Record linkage for pharmacoepidemiological studies in cancer patients

Authors

  • Myrthe P. P. van Herk-Sukel,

    Corresponding author
    • PHARMO Institute for Drug Outcomes Research, Utrecht, the Netherlands
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  • Valery E. P. P. Lemmens,

    1. Eindhoven Cancer Registry, Comprehensive Cancer Center South, Eindhoven, the Netherlands
    2. Department of Public Health, Erasmus University Medical Centre, Rotterdam, the Netherlands
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  • Lonneke V. van de Poll-Franse,

    1. Eindhoven Cancer Registry, Comprehensive Cancer Center South, Eindhoven, the Netherlands
    2. Center of Research on Psychology in Somatic Diseases (CoRPS), Tilburg University, Tilburg, the Netherlands
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  • Ron M. C. Herings,

    1. PHARMO Institute for Drug Outcomes Research, Utrecht, the Netherlands
    2. Department of Health Policy and Management, Erasmus University Medical Centre, Rotterdam, the Netherlands
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  • Jan Willem W. Coebergh

    1. Eindhoven Cancer Registry, Comprehensive Cancer Center South, Eindhoven, the Netherlands
    2. Department of Public Health, Erasmus University Medical Centre, Rotterdam, the Netherlands
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M. P. P. van Herk-Sukel, PHARMO Institute for Drug Outcomes Research, P.O. Box 85222, 3508 AE Utrecht, the Netherlands. E-mail: myrthe.van.herk@pharmo.nl

ABSTRACT

Background

An increasing need has developed for the post-approval surveillance of (new) anti-cancer drugs by means of pharmacoepidemiology and outcomes research in the area of oncology.

Objectives

To create an overview that makes researchers aware of the available database linkages in Northern America and Europe which facilitate pharmacoepidemiology and outcomes research in cancer patients.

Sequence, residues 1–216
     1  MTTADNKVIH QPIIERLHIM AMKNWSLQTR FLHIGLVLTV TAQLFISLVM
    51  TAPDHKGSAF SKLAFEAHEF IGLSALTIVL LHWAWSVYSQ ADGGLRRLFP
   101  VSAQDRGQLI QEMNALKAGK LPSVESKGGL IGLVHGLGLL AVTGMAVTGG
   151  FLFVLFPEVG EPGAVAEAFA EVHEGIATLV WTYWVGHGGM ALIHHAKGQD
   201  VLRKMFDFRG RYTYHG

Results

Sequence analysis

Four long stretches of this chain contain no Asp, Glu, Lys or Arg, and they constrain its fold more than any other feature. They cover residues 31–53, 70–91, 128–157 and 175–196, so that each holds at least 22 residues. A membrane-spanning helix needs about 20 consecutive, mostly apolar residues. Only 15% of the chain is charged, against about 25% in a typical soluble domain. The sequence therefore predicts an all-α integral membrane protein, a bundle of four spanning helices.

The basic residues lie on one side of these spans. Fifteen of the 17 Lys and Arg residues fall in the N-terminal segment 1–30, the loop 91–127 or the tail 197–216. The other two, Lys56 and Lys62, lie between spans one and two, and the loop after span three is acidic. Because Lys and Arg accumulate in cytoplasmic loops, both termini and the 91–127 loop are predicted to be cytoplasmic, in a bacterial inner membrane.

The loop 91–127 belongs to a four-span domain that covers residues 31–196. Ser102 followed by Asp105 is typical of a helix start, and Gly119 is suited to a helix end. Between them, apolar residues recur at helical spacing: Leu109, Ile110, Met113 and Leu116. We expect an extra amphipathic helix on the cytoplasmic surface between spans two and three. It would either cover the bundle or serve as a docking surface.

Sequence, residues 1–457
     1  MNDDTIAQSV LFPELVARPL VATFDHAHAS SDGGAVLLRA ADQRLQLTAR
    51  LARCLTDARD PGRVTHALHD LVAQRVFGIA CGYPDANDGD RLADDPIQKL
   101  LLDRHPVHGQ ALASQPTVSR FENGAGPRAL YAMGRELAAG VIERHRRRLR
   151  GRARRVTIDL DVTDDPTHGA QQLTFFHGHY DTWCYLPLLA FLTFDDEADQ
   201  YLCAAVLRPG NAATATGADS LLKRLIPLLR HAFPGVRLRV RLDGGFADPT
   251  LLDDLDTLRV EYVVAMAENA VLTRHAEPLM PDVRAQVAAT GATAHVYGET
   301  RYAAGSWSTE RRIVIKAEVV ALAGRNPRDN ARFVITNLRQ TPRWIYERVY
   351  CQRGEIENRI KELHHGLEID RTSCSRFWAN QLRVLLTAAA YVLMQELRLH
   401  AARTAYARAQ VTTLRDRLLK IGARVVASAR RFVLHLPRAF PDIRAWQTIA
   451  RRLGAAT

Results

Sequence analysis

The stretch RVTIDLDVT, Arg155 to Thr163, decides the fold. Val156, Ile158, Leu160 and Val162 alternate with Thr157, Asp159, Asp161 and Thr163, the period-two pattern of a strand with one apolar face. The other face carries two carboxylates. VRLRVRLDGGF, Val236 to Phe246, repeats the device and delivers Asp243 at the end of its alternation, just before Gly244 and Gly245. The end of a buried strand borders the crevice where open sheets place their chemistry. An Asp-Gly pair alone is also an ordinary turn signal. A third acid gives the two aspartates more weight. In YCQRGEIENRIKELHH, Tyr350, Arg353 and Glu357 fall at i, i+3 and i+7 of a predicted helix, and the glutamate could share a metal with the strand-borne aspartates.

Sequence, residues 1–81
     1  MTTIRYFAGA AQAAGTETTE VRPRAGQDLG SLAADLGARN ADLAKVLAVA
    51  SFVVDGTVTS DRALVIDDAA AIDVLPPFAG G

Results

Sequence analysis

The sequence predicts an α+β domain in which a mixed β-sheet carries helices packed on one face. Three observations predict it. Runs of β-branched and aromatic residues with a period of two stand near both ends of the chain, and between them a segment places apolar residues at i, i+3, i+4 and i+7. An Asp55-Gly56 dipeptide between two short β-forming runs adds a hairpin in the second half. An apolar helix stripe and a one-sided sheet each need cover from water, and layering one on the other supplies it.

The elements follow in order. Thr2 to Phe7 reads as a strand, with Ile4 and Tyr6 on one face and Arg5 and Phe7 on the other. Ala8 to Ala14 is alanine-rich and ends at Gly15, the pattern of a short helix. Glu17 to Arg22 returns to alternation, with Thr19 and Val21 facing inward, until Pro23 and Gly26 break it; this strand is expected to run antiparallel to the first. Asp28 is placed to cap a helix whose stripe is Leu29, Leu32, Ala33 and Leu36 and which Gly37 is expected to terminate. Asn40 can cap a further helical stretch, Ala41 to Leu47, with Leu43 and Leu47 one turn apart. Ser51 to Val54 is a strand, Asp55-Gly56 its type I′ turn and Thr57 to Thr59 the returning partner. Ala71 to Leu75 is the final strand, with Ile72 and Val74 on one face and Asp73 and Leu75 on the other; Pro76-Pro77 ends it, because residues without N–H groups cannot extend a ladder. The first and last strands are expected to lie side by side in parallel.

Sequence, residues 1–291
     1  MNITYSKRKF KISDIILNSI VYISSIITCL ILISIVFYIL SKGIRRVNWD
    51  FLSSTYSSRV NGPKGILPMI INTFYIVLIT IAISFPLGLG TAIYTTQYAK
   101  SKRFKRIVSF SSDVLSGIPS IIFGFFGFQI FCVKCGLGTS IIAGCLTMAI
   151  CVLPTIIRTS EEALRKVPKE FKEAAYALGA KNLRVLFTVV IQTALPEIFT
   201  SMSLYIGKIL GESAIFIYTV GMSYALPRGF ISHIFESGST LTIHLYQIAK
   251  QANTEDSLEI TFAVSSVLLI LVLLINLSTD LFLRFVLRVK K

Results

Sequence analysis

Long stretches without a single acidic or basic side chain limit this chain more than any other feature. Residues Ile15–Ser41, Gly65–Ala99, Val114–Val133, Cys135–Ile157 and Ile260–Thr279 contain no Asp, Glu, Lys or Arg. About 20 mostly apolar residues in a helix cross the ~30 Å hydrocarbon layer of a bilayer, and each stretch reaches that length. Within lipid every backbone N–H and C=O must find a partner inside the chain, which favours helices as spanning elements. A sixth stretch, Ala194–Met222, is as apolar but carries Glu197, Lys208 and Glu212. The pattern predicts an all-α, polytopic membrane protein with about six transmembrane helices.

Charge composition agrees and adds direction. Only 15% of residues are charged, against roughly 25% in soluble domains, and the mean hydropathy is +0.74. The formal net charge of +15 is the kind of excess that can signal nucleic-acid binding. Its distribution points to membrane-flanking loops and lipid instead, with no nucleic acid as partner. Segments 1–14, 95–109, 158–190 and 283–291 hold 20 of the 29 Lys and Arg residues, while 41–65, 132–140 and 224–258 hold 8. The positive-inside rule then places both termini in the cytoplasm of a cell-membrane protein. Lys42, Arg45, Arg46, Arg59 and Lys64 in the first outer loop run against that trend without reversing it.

Methods

In addition to our own database, i.e. the Eindhoven Cancer Registry (ECR) linked to the PHARMO Record Linkage System, we considered database linkages between a population-based cancer registry and an administrative healthcare database that at least contains information on drug use and offers a longitudinal perspective on healthcare utilization. Eligible database linkages were limited to those that had been used in multiple published articles in English language included in Pubmed. The HMO Cancer Research Network (CRN) in the US was excluded from this review, as an overview of the linked databases participating in the CRN is already provided elsewhere. Researchers who had worked with the data resources included in our review were contacted for additional information and verification of the data presented in the overview.

Results

The following database linkages were included: the Surveillance, Epidemiology, and End–Results–Medicare; cancer registry data linked to Medicaid; Canadian cancer registries linked to population-based drug databases; the Scottish cancer registry linked to the Tayside drug dispensing data; linked databases in the Nordic Countries of Europe: Norway, Sweden, Finland and Denmark; and the ECR-PHARMO linkage in the Netherlands. Descriptives of the included database linkages comprise population size, generalizability of the population, year of first data availability, contents of the cancer registry, contents of the administrative healthcare database, the possibility to select a cancer-free control cohort, and linkage to other healthcare databases.

Conclusions

The linked databases offer a longitudinal perspective, allowing for observations of health care utilization before, during, and after cancer diagnosis. They create new powerful data resources for the monitoring of post-approval drug utilization, as well as a framework to explore the (cost-)effectiveness of new, often expensive, anti-cancer drugs as used in everyday practice. Copyright © 2011 John Wiley & Sons, Ltd.

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